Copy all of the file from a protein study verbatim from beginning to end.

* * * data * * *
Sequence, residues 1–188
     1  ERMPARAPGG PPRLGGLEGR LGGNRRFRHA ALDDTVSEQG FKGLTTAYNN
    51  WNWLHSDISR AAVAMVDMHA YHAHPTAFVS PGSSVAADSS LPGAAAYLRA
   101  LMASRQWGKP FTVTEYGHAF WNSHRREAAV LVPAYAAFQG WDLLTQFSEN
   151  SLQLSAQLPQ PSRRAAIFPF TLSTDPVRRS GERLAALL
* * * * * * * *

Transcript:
Sequence, residues 1–188
     1  ERMPARAPGG PPRLGGLEGR LGGNRRFRHA ALDDTVSEQG FKGLTTAYNN
    51  WNWLHSDISR AAVAMVDMHA YHAHPTAFVS PGSSVAADSS LPGAAAYLRA
   101  LMASRQWGKP FTVTEYGHAF WNSHRREAAV LVPAYAAFQG WDLLTQFSEN
   151  SLQLSAQLPQ PSRRAAIFPF TLSTDPVRRS GERLAALL